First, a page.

Windsor Middle School’s year-long recycling campaign continues to be successful
April 30, 2014
Windsor Middle School students are learning the importance of recycling thanks to the students in the school's life skills class. Students go to classes once a week to collect paper, plastics and cans and drop them in the recycling site behind the school.
Life skills teacher Kate Duff said eight of the students have been recycling all year so it wasn't just an Earth Day project from last week. The students hit the sixth-grade classes on Tuesdays, seventh-graders on Wednesdays and eighth-grade classes on Thursdays during the last period of the day to pick up the recyclables in containers and carts.
Shane Sorrentino, 12, was all smiles when talking about his recycling duties.
"I like to take the cans to the dump and the paper, too," Shane said.
“It makes the Earth happy so the birds will have fun roaming around without garbage around them. We get to use the recycling carts to walk around the hallways to go to each class.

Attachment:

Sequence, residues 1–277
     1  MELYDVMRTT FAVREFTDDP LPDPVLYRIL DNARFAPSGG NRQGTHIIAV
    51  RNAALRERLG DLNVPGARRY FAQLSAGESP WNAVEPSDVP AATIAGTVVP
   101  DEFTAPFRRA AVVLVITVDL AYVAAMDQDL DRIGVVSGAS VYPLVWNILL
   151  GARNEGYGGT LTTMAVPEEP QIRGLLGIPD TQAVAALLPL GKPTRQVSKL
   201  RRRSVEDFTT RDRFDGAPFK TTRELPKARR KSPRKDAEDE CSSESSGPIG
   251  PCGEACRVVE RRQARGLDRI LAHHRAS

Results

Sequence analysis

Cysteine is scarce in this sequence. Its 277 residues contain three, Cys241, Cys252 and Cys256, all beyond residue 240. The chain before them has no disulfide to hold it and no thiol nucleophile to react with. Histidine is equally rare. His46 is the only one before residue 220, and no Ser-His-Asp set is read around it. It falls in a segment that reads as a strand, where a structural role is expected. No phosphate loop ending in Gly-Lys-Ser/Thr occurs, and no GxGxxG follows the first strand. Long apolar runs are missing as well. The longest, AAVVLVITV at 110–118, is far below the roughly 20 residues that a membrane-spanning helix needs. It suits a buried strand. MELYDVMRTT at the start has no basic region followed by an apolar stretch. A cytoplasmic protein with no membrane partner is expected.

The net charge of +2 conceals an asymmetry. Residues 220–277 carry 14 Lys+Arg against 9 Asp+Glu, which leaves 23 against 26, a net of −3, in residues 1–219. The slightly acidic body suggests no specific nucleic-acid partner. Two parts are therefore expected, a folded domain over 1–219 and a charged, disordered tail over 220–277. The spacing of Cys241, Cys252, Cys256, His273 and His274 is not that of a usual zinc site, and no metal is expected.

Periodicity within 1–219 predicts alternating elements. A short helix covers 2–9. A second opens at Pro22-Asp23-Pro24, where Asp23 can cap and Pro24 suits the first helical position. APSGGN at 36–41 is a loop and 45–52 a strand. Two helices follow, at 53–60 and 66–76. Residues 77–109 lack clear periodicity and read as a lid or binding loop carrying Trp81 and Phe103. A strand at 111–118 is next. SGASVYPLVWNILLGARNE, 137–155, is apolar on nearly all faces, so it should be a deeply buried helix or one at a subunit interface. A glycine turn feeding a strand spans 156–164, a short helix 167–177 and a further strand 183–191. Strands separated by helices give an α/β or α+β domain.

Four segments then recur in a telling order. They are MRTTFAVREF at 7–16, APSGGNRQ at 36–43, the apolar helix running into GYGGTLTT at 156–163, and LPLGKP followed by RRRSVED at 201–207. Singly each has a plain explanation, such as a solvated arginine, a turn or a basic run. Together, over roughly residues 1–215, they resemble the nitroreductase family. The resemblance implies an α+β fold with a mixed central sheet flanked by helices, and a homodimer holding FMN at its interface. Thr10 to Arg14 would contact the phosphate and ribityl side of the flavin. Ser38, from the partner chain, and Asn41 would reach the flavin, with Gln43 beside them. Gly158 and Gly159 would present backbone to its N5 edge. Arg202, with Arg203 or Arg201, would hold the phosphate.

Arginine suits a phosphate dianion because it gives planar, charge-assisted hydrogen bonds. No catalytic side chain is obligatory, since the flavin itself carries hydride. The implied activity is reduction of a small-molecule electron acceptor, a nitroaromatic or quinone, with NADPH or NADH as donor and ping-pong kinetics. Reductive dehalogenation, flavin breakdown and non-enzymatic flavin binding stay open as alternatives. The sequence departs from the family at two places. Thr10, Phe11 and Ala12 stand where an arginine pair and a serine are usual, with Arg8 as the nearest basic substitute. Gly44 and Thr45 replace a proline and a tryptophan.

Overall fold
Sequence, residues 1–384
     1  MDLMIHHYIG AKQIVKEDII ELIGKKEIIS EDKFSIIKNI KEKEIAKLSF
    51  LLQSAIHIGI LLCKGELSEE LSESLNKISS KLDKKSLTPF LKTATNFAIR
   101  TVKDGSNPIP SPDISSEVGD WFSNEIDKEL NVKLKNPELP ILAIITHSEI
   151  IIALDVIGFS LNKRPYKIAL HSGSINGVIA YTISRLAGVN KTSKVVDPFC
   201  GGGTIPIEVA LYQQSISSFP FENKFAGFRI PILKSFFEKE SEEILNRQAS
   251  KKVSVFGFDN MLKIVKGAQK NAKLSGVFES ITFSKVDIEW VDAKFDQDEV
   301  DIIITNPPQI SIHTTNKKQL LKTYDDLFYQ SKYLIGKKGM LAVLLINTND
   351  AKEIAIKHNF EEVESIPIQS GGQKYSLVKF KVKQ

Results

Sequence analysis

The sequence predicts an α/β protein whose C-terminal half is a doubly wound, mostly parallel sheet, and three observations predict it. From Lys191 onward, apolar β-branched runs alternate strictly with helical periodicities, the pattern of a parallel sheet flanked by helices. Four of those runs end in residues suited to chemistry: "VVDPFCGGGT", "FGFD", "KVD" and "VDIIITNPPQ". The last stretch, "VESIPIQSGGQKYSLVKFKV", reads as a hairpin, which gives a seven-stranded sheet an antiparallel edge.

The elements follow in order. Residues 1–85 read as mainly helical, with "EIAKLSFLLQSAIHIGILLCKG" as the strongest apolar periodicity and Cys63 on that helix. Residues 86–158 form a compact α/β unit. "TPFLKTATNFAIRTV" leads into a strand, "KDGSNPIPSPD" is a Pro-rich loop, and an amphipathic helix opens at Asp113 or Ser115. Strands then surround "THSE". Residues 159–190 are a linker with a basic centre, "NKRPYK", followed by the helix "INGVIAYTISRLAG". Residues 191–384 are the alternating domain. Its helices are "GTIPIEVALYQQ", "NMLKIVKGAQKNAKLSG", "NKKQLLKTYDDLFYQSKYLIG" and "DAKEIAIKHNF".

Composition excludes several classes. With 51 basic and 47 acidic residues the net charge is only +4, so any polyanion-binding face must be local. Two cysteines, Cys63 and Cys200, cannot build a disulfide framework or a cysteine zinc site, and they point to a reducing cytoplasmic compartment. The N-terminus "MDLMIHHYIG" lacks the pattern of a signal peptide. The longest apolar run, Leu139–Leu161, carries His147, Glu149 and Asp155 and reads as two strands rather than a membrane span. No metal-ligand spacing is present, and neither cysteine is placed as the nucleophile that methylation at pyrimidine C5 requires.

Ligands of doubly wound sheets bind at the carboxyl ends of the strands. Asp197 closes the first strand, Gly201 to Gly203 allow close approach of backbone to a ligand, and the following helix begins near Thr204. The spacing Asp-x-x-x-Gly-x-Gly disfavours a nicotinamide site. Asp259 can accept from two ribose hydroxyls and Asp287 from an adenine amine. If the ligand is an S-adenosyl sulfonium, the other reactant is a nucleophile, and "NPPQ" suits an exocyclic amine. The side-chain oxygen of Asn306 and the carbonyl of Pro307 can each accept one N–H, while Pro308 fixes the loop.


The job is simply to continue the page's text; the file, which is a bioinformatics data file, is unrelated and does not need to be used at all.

Windsor Middle School student
Michelle Ruiz, 14, said it's important that kids her age recycle.
"It makes the Earth happy so the birds will have fun roaming around without garbage around them," Michelle said. "We get to use the recycling carts to walk around the hallways to go to each class."
Principal Eric Johnson said the recycling campaign has gone well.
"We're trying to teach kids about the importance of conserving resources and making sure they understand that not everything is disposable all the time," Johnson said. "It's something they hear about in the mainstream news a lot, and they see it from mom and dad, and as teachers we're trying to reaffirm to them that there is a tremendous amount of value to that because of limited resources. It's important for them to understand some of those decisions they make about things they throw away versus things they recycle. To see them be excited about it is pretty cool."
Duff, in her first year at Windsor Middle School, said the students recycled last year, too.
"It seemed to work well. People were asking when school started if we were going to continue to do it this year, so I think it was pretty successful," Duff said. "I think it's really important. I think the kids need to be taught at this age to be good stewards with the Earth."